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Saturday, August 5, 2017

Rhythm and Repetition

Farm Equipment,  Jawshoewhah. Photographic rhythm,
quite complex, but far from chaotic.
Open Windows,
The words "rhythm" and "repetition" are most often associated with music and poetry, but they also occupy an important place in painting, drawing, and photography. Painters, for some reason, only rarely use either one while they're often part of a photographer's stock and trade. For a painter to render the same shape again and again on the same canvas is tedious and boring. Painters hate tedious and boring. It's so damned tedious and boring. For photographers, a little compositional positioning of the camera, some momentary thought as to cropping, then click, their work is done, at least until they edit their digital image on a computer. That's a far cry from what a painter has to go through in utilizing rhythm or repetition in a painting. Even if working from a photo, it's only the first, preliminary step.
Lorraine Shemesh paintings of shoes--repetition and total chaos--except for the top image which displays a crude, rhythmic composition.
Rhythm and repetition are not the same thing, of course. All rhythm involves repetition but not all repetition has rhythm. Repetition is, more often than not, at least fairly chaotic and random. Rhythm is neither. It is, for the most part, manmade, and except for certain types of jazz, it's never random or chaotic. In the case of painting, that's never the case. By definition, rhythm in painting demands some degree of disciplined as seen in the contrast between Lorraine Shemesh's upper painting and the two lower ones.
Near perfect rhythm. Notice both are photos. No painter in their right mind
would attempt to render such images...or at least they wouldn't be in his right mind by the time they finished.
One of the few notable painters patient enough to do rhythm, and do it well, was Andy Warhol. We're all familiar with his multi-colored, multi-image portraits silkscreened onto canvas, as well as his various consumer products. Most iconic by far were his Campbell's Soup Cans (below). The Converse sneaker work is less well-known, yet both are the epitome of rhythmic painting. Strangely, though the soup cans plainly read "Beef Noodle" the painting is title Tomato 3. Moreover, in adapting the silkscreen to his painting needs, he mostly avoided the risk of rhythmic insanity.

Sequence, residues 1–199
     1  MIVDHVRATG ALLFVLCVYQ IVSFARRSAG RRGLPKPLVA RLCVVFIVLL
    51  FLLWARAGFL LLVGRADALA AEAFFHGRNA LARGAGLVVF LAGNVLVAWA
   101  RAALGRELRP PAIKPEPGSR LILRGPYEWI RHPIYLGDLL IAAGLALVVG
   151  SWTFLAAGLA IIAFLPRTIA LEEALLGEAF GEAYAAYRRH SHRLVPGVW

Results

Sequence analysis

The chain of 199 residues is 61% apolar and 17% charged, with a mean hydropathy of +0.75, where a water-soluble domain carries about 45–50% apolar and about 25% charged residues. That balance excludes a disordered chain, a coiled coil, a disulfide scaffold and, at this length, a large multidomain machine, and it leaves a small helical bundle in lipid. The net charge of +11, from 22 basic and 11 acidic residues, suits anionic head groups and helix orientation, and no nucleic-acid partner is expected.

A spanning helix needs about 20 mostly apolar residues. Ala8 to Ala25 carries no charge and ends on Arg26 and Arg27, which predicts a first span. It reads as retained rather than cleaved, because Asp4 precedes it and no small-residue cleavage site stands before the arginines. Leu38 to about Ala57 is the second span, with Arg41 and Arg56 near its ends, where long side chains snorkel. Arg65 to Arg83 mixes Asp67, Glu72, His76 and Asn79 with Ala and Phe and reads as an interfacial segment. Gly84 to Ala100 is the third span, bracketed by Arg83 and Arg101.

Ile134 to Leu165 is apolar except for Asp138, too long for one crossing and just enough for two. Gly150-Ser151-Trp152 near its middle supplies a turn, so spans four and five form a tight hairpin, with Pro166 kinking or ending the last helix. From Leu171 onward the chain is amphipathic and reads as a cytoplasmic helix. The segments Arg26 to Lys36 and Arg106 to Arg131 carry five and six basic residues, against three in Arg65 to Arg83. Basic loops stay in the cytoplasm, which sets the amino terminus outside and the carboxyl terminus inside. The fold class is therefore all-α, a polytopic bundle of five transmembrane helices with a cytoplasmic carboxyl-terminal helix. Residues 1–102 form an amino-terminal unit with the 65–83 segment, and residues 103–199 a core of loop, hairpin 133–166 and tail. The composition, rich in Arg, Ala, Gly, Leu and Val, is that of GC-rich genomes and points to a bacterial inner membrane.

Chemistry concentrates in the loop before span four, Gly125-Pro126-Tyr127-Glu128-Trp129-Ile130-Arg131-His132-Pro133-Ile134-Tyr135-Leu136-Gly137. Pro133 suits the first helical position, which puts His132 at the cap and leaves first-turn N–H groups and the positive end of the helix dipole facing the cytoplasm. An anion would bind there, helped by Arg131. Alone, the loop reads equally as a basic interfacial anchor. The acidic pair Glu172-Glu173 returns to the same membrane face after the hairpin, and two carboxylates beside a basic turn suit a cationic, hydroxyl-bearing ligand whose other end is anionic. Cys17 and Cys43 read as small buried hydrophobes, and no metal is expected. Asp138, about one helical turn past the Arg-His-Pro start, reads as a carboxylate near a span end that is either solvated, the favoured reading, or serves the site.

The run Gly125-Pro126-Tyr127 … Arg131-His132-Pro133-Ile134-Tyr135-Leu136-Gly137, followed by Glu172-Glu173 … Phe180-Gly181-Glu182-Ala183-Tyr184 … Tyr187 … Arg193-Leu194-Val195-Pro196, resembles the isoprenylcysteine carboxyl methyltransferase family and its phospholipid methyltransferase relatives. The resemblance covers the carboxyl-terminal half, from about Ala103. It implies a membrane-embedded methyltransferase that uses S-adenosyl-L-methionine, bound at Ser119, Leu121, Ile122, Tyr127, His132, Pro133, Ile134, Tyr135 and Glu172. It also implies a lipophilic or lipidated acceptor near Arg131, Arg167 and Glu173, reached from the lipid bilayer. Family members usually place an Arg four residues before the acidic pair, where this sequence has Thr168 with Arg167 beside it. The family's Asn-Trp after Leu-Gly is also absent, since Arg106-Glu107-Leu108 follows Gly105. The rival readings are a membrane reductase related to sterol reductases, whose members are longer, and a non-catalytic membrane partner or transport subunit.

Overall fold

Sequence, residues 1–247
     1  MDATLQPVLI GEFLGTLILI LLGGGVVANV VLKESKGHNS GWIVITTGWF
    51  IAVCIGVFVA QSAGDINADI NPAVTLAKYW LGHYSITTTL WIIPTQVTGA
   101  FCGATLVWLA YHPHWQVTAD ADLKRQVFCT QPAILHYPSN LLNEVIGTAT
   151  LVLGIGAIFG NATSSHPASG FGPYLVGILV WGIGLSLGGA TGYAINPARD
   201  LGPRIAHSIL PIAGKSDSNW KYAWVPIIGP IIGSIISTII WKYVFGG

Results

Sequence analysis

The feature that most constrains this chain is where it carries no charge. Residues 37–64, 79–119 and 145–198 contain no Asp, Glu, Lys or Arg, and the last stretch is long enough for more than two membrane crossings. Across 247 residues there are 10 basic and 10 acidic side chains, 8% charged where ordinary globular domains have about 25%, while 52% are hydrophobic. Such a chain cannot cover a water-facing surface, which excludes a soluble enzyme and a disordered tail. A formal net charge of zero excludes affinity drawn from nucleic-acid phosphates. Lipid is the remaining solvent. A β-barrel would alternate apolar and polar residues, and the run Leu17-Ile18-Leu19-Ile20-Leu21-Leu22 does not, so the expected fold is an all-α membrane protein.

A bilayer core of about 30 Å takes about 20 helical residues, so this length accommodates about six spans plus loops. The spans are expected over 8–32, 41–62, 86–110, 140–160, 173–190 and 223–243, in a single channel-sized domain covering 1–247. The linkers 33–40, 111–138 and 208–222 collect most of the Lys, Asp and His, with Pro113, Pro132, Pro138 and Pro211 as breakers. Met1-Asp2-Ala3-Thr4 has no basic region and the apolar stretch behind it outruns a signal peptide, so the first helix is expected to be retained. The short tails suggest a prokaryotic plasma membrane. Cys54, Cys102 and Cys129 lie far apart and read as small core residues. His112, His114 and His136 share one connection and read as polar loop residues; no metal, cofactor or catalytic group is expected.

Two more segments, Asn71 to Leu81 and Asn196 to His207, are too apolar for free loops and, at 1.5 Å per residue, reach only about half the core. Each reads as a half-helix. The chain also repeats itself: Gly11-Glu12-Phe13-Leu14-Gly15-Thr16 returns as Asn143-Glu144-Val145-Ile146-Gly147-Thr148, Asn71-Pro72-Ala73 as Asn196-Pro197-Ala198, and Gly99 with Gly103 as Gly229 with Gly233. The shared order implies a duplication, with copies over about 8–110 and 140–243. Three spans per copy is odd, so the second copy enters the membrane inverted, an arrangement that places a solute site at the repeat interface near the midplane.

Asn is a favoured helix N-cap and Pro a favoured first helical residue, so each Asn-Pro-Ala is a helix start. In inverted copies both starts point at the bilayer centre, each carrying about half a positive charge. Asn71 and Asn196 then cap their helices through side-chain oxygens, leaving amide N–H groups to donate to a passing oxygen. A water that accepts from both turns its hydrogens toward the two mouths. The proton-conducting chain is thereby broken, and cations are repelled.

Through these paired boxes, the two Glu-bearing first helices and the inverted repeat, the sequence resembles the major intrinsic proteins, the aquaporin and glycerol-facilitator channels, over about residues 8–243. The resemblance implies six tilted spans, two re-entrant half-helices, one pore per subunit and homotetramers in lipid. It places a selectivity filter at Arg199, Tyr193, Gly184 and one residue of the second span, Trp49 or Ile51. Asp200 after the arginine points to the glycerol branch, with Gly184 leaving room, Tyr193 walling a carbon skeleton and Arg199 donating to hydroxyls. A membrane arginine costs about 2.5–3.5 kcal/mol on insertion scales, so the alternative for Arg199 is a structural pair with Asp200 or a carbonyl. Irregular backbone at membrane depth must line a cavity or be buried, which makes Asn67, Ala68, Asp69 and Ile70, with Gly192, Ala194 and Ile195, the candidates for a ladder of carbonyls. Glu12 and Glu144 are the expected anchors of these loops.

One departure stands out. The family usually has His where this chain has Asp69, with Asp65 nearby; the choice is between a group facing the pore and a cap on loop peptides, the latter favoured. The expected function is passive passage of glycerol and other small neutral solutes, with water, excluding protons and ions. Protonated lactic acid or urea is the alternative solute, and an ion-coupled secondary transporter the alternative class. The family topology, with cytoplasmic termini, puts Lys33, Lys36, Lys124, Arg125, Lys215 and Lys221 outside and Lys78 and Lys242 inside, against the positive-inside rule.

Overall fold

Why is it I have this sudden craving for soup at the moment?
Copyright, Jim Lane
Shafts of Color, Jim Lane
In preparing for this discourse, I was surprised to realize just how many of my own paint-ings involve repetition. Yet on-ly one, Shafts of Color (right) was even slightly rhythmic. And in discussing the usual cha-os of painted repetition my own work stands as a prime example. Most are still-lifes but only the one at right was "arranged" as is common with most painters. Mine have more the look of having been dumped. I have long referred to them as non-traditional still-lifes in that each is painted larger than life and feature nothing in the way of a background and only a slight indication, with reference to object size toward the bottom of the paintings, as to any type of foreground. They are all content, all highly detailed, yet they convey any number of subtle themes or messages.
Copyright, Jim Lane
You can't get much more chaotic or random as to repetition than a
pack of dogs (second image)...unless it's a pack of cats.

Dried Fish, Stash Cross. I have no idea if this
is a painting or a photo. It "smells" a little
like a photo, though.

Copyright, Jim Lane
So Much to Chew, So Little Time
to Chew It, 2001, Jim Lane


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